Tip #5: Get a bigger picture
This particularly means that you should stop worrying about what others think of you and focus on the benefits of your presentation for the listeners. Think of an even bigger picture and better worry about what the audience will remember in three days after your presentation. When making preparations, ask yourself, „What do I want the listeners to think about or do differently at the end of my presentation?“
No-one cares about what you’re wearing (if it’s not blocking your message, and that would be your poor preparation), whether you’re tall or short, chubby or lean. If you are worried about what others think of you, you are focussing on the wrong thing. Be worried about what others think of your presentation because that’s important.
You can control what others will think of your presentation
Have you ever seen a good friend or acquaintance of yours doing a presentation? Did it ever happen that their performance was a complete mess? You were sitting there for an hour, feeling bored, wasting your time and didn’t get anything out of it. What do you think of your friend? You think that „They’re still my friend, but the presentation was a complete mess!“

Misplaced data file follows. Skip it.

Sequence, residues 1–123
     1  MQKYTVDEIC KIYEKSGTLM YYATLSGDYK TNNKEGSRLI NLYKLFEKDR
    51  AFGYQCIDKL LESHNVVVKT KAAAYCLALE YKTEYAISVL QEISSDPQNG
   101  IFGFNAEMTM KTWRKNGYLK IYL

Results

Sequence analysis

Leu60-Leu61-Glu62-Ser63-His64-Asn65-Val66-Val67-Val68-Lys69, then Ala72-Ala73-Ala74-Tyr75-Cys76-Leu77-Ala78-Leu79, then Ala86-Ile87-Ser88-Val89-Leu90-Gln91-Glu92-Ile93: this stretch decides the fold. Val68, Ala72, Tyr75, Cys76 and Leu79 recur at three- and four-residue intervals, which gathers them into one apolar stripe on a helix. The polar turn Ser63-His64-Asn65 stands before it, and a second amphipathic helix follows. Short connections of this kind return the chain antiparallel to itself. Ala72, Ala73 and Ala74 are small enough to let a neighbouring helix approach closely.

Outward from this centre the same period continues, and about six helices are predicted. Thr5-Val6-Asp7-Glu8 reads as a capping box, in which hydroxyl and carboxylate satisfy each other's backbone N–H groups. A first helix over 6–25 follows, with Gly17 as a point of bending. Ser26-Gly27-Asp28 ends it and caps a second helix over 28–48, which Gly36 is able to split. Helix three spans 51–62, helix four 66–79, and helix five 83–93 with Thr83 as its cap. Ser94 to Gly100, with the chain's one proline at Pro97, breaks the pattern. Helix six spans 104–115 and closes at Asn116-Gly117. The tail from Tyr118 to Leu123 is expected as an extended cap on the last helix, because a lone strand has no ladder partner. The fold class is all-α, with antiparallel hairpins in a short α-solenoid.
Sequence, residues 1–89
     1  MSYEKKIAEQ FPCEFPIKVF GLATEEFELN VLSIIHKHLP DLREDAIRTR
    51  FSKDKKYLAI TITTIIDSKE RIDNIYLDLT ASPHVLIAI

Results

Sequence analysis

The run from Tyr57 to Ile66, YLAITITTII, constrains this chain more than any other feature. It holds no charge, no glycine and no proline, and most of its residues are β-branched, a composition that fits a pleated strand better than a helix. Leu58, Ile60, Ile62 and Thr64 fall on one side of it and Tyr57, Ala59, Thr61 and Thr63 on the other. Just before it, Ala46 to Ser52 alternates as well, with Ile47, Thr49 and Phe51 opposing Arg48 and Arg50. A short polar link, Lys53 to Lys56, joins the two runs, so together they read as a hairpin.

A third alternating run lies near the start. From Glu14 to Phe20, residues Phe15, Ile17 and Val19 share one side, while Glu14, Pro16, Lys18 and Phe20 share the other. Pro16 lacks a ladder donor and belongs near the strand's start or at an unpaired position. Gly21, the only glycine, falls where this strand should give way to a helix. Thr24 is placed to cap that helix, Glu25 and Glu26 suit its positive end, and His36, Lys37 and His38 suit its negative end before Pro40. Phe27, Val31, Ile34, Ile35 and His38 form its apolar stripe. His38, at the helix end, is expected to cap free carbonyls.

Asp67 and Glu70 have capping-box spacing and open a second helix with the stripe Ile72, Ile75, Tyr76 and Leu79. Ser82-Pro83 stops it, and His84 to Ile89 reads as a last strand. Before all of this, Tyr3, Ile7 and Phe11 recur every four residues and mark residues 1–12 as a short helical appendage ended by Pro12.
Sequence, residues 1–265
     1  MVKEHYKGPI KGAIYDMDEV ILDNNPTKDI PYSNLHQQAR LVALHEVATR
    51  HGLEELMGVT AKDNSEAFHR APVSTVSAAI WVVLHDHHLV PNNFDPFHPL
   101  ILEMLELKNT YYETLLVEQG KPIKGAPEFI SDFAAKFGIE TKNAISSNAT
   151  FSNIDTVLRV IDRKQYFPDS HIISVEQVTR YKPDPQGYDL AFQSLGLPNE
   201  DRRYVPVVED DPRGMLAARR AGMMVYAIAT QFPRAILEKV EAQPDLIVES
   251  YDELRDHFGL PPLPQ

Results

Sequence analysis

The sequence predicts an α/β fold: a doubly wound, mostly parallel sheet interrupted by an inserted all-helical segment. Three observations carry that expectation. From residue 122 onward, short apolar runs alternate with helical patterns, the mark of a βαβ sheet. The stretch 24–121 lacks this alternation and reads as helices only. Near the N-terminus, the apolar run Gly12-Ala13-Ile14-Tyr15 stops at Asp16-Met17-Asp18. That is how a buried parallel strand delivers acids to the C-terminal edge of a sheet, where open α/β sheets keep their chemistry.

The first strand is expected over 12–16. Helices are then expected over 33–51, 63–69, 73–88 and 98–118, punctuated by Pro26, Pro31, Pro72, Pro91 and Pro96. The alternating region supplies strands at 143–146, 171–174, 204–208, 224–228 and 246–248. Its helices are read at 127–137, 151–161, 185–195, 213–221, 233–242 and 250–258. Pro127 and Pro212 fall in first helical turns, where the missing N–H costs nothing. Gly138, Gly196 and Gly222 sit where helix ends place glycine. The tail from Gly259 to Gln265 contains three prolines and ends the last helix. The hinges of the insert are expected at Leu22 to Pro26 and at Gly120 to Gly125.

Note what kind of opinion you’ve just shared – your opinion on the quality of the presentation, not on a person’s personality is important. But you can control that through proper preparation.
Read also this article about “How to Give A speech Without Crying”
Tip #6: Use humour during your presentation
Next public speaking tips will talk about using humour and jokes during your speech. Using humour, your message will hit home a lot faster. Every story can be spiced up with good humour – your task is to discover how. However, I’ll outline some of the mistakes that are made when using humour during presentation.
„Well, I guess it was a joke… but it’s not funny“
It’s quite common to believe that you should start your presentation with a joke. Sounds like a good idea, right? But now think about how many times you’ve been in a situation where the speaker starts their presentation with a subtle joke that’s not funny.